Melissa “Mo” Lashbrook said this piece of art, Redecorating With Irene, was inspired by her great-aunt and made from a large stack of curtains found in her belongings after she died. “My goal was to take this unwanted material/sad experience and build something beautiful out of it,” Lashbrook said.
Melissa “Mo” Lashbrook of Jacksonville wears many hats in life — daughter, wife, mother, teacher, world traveler, artist — and veteran.
These roles are all connected. She said she has found a way to express these connections through her art.
“As an artist, I constantly collect ideas and objects,” she said. “If I am not making, I am thinking about making. It is through creating art that I feel most alive … excited, frustrated, confused, certain, scared and safe.
“Each piece is unique, deeply emotional and a part of me,” she said. “It is through art that I have come to terms with loss, ponder life’s big questions and find transcendence.”
Samples of her artwork related to this transcendence are currently on display at the Argenta Branch of the William F. Laman Public Library System, 402 Main St. in North Little Rock.
Lashbrook, who describes herself as an “assemblage artist,” has several pieces of her large-scale sculptures in the exhibit, The Nature of Transcendence, which will remain on display until March 9. Her work in the two-woman show is paired with that of Cindy Wiseman of Fayetteville.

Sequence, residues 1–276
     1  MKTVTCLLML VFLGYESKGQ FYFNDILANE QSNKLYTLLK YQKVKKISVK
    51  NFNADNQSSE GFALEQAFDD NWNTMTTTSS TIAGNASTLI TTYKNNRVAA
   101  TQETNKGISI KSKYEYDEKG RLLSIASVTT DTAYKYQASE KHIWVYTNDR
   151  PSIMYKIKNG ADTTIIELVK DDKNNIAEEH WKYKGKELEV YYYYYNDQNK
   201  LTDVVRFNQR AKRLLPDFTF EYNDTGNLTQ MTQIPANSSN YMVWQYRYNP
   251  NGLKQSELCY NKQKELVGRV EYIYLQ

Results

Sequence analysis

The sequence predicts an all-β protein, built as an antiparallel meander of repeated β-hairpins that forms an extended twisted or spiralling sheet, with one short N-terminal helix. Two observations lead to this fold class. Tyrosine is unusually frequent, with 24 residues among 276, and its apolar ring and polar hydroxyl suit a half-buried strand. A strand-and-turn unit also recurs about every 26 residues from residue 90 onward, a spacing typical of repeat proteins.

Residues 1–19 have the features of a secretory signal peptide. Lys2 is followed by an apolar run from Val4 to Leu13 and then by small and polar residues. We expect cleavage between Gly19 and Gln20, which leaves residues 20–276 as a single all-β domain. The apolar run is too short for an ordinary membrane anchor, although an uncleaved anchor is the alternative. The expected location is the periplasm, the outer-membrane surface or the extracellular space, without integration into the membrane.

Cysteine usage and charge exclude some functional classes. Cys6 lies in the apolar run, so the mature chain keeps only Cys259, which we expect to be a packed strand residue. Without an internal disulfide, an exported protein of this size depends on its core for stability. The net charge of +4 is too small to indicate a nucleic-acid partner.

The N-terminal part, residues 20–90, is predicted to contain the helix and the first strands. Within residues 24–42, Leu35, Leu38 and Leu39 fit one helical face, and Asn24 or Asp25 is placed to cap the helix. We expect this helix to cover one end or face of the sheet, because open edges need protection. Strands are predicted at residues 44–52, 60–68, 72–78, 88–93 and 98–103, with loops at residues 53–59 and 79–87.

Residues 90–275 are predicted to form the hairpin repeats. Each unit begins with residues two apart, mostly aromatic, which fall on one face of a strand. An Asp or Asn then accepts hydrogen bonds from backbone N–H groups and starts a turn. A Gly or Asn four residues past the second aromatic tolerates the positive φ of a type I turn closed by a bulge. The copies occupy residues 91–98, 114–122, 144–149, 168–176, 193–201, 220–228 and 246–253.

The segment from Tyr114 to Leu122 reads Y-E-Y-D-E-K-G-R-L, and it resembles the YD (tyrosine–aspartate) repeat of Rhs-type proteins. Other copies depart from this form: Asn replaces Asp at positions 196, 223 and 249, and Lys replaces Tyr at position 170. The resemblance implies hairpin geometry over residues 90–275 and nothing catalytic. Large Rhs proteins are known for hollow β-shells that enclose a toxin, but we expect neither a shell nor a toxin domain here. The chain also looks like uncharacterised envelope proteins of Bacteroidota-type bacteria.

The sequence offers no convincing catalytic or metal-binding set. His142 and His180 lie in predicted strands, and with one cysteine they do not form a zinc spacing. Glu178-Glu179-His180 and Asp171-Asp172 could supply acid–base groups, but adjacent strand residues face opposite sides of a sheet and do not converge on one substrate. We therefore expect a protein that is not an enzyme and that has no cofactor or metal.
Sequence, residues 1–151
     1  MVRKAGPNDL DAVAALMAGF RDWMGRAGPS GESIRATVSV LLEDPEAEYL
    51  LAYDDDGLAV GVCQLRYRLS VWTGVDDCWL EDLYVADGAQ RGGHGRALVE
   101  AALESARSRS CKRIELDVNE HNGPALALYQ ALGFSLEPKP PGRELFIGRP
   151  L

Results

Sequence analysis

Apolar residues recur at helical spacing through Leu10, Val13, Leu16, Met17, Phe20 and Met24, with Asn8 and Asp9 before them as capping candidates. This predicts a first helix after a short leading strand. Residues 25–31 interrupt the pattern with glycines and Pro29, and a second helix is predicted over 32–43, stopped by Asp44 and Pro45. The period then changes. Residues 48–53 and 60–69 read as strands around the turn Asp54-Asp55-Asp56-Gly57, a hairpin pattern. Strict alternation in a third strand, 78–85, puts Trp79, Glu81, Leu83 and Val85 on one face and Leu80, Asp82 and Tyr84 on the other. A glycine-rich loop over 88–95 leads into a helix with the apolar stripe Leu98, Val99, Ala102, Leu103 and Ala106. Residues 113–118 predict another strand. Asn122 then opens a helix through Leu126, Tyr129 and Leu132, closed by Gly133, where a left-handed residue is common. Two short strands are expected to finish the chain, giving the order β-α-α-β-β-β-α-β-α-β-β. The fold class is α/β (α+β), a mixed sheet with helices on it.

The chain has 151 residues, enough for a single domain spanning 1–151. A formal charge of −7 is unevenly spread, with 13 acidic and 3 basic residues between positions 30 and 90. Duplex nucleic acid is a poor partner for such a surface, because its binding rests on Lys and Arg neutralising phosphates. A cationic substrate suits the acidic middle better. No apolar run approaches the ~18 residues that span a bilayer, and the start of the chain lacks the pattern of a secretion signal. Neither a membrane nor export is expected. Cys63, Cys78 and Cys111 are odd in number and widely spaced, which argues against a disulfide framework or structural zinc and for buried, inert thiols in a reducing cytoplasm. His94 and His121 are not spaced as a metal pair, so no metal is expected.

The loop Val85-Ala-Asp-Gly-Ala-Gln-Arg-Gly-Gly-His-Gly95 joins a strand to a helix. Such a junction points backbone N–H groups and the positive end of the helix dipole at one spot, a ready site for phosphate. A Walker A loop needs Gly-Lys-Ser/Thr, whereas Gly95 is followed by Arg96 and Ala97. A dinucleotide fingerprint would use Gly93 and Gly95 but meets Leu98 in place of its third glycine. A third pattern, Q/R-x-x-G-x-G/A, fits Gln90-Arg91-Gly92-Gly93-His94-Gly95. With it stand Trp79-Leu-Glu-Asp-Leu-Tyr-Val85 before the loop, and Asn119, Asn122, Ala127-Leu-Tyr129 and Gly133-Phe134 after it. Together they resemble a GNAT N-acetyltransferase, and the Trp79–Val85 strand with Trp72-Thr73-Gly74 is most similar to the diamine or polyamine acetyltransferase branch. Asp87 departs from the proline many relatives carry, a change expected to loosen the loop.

“My motivation for creating work is to construct meaning … through making connections, curating an experience, etc. After I experienced a loved one slowly deteriorate from Alzheimer’s, I felt a need to preserve. Art was a way to curate perishable memories, feelings and connections in a tangible form,” Lashbrook said.
“Since the birth of my children, my work has shifted from preserving connections to the past to exploring connections with the present and future,” she said.
“This collection explores life cycles by using pain and suffering as a source for new beginnings/redemption,” Lashbrook said. “Assembling man-made and perishable materials is my way of connecting the past, present and future and acknowledging change. The act of collecting and fitting things together is a constant life cycle. It is through these cycles I build and rebuild understanding, appreciation and connection — and ultimately find wholeness.”
Lashbrook grew up in the small town of Arkansas City in southern Arkansas, the daughter of Mona Averett, who now lives in Dermott, and Danny Bryant, who now lives in Morrilton. Although Lashbrook said she had no formal training in art until she went to college, she was always making things for her room.
“I remember I made my room into a museum space and charged 50 cents admission,” she said with a laugh.
“My mom was always making things and decorating,” Lashbrook said. “My dad was always building and inventing things, although he was not focused on aesthetics.”
Lashbrook graduated from Arkansas City High School in 1998.
“I graduated in the Top 10,” she said, adding, “in a class of 10.”
Lashbrook, 36, joined the Arkansas Army National Guard when she was 17 and a junior in high school.
“I enlisted as a truck driver,” she said. “I was inspired by the guardsmen who assisted my small town during an ice storm. They spent their days working extremely hard to take care of total strangers, and then they would gather for a home-cooked meal at our house and play cards. The selfless service and camaraderie really intrigued me, and I wanted to be a part of it.”